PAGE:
Dell’s Quarter, Router Trends, and CDN Sea Changes

Dell issued a contracted outlook for the rest of the year, which sent its shares down in after-market trading and also created concerns about tech spending overall.  Dell did decently in the quarter; only its consumer segment really missed targets, but the company lowered its guidance, citing pretty much the same factors of government spending reductions and consumer/business confidence problems that every else has talked about.  They also made some interesting comments about their Force10 deal, which we’ll get to in a minute.

The problem with confidence, according to our surveys, is in how it impacts PROJECT spending as opposed to “budgets”.  Typically, major changes in enterprise IT policy are funded by projects that link spending and some business benefit—productivity, normally.  The sustaining of the current infrastructure is “budget” or “department” spending.  In bad times, budget spending is usually sustained more than project spending, so somebody who had hoped to gain market share is more likely to be impacted.  Dell is still not a market-share leader in the server space, and it still has an exposure to the consumer market—though not as much as HP.  If project spending is indeed under pressure, then I’d expect HP to underperform in outlook as well.  If that’s the case, then it would tend to confirm that Cisco’s relative success in networking was due to the fact that as an incumbent it’s less dependent on new project dollars.

On the Force10 move, Dell indicated it was seeing data center networking as the hottest spot in the network space, which is surely consistent with my survey results.  They also said that they were launching the Virtual Network Services Infrastructure (VNSI) to brand their data center network offerings and unify them with cloud and virtualization initiatives.  We think this is very smart because it aligns with what enterprises are telling us, which is that they pay the most attention to vendors whose offerings align with their strategic priorities.  So while Dell may have many of the short-term macro-economic challenges of all the other players, they may be positioning well for the tech changes to come.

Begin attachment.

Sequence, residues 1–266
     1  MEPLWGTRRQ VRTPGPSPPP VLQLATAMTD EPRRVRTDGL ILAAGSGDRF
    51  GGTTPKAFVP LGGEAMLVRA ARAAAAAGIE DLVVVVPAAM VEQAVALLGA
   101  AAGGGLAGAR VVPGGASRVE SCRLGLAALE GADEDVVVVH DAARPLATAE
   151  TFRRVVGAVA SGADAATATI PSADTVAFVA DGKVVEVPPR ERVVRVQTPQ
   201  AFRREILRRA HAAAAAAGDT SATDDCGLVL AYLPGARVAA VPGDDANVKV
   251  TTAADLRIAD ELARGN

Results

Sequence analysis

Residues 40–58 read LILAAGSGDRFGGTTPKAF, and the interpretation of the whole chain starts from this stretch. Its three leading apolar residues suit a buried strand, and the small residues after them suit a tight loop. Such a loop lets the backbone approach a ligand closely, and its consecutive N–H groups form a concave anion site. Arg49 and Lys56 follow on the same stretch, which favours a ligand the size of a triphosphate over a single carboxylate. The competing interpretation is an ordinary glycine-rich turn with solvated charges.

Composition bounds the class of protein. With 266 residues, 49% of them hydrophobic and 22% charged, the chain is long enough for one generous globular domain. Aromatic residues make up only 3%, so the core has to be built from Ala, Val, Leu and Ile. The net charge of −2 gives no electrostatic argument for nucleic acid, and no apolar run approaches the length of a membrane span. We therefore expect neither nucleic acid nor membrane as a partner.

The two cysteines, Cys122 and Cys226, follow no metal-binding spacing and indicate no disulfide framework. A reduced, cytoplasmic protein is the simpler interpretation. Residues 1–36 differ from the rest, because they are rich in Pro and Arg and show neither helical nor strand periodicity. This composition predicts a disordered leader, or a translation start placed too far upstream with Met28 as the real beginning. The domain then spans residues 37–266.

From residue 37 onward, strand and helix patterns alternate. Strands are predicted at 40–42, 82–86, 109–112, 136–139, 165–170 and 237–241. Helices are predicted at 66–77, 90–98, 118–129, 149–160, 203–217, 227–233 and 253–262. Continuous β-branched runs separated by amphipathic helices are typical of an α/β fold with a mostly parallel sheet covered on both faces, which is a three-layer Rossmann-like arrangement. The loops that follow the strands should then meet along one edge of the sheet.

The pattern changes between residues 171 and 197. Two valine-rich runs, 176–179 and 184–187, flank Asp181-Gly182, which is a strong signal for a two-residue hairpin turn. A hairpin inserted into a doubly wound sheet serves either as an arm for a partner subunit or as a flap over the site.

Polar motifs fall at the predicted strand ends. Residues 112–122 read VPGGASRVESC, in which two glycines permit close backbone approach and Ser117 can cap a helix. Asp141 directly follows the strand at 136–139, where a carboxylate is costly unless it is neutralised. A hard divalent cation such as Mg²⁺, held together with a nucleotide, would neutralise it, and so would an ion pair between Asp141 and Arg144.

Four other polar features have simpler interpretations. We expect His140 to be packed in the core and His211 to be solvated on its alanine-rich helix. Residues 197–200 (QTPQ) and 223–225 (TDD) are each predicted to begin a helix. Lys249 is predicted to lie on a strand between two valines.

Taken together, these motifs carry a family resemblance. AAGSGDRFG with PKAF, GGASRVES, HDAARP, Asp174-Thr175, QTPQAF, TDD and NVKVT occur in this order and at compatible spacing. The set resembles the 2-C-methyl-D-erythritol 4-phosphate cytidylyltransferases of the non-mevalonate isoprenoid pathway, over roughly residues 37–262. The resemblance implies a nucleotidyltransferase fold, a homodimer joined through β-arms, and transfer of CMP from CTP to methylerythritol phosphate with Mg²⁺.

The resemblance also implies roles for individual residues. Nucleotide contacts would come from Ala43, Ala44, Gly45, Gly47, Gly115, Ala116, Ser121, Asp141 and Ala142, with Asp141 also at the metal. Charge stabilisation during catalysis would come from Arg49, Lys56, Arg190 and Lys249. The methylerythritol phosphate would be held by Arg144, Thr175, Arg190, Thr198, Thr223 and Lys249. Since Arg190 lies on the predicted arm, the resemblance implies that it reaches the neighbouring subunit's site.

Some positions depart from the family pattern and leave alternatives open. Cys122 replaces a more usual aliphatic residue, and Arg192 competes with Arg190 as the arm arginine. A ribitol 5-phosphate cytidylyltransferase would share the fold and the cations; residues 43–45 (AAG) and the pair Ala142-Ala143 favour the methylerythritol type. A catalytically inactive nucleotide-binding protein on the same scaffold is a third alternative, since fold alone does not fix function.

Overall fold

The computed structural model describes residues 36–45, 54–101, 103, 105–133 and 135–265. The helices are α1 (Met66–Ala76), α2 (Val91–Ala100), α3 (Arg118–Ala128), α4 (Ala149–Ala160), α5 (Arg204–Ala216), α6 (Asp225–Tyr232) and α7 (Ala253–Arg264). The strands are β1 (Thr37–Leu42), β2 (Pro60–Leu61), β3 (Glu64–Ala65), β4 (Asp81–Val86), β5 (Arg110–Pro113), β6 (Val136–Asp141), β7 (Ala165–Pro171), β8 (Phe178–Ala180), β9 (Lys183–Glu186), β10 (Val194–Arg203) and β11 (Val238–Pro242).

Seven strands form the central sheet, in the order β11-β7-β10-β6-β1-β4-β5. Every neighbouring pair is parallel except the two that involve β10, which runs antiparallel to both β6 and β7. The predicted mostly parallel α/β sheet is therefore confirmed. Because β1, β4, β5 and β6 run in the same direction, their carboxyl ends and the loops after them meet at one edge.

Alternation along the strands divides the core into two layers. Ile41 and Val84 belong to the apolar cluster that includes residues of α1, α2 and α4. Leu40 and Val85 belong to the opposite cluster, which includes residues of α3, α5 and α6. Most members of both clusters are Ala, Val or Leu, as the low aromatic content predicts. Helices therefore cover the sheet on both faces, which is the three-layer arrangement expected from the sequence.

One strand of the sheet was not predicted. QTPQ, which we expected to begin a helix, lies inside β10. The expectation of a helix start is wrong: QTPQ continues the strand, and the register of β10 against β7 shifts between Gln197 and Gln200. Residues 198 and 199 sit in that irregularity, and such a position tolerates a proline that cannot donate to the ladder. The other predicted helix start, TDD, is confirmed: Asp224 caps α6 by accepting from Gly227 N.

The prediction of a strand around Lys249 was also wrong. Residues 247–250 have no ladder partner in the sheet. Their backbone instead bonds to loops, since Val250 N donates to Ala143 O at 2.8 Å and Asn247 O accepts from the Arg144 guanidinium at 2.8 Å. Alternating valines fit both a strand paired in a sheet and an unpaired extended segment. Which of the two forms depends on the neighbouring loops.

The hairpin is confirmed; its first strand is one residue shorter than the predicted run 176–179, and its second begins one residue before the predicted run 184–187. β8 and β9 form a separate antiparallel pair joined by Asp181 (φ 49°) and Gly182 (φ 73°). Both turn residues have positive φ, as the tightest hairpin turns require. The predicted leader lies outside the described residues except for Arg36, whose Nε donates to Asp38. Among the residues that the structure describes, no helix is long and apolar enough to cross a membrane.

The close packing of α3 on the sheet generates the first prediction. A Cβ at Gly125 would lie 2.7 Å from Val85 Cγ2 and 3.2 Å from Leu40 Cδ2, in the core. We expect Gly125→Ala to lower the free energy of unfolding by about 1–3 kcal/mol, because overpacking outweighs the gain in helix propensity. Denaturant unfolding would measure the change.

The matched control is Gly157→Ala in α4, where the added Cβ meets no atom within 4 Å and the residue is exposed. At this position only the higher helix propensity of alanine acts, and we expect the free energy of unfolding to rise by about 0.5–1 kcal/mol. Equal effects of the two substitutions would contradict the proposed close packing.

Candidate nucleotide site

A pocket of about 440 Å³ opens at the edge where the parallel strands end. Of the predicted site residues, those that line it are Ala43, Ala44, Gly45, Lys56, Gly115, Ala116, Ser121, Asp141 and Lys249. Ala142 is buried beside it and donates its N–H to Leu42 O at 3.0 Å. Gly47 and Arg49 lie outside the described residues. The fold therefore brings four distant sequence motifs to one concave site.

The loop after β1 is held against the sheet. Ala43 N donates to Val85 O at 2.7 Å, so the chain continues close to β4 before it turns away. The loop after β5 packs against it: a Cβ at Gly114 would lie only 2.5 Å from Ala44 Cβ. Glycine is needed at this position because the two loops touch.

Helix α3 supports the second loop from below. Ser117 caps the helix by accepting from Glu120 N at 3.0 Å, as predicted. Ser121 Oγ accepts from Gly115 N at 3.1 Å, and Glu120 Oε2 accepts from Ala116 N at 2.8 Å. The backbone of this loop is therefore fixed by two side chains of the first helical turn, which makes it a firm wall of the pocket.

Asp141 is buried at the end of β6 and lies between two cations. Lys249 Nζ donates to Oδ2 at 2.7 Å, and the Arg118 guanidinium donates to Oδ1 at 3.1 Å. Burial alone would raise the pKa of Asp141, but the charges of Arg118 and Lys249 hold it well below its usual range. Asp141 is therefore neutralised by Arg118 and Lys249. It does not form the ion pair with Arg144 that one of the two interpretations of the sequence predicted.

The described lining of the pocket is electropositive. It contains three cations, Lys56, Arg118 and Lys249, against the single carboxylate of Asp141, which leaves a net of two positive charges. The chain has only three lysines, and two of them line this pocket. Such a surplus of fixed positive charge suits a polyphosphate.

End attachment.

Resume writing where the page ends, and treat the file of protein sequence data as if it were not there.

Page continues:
Strategic alignment may be the factor behind today’s UBS report on router market share.  In the report, Cisco and Juniper lost market share overall (Cisco by 1% and Juniper by 2%) while Alcatel-Lucent and Huawei gained.  These results are pretty consistent with the changes in strategic influence we uncovered in our spring survey, where Juniper dipped significantly in influence in the IP layer of the network and was unable to leverage service-layer positioning to gain project traction.

Cisco’s loss was due to enterprise problems, which is also interesting.  The power of the incumbent to drive spending is formidable, but if you go back to my comment earlier in this blog on project versus budget spending, you see that enterprises who pull money off the table are going to limit everyone’s upside.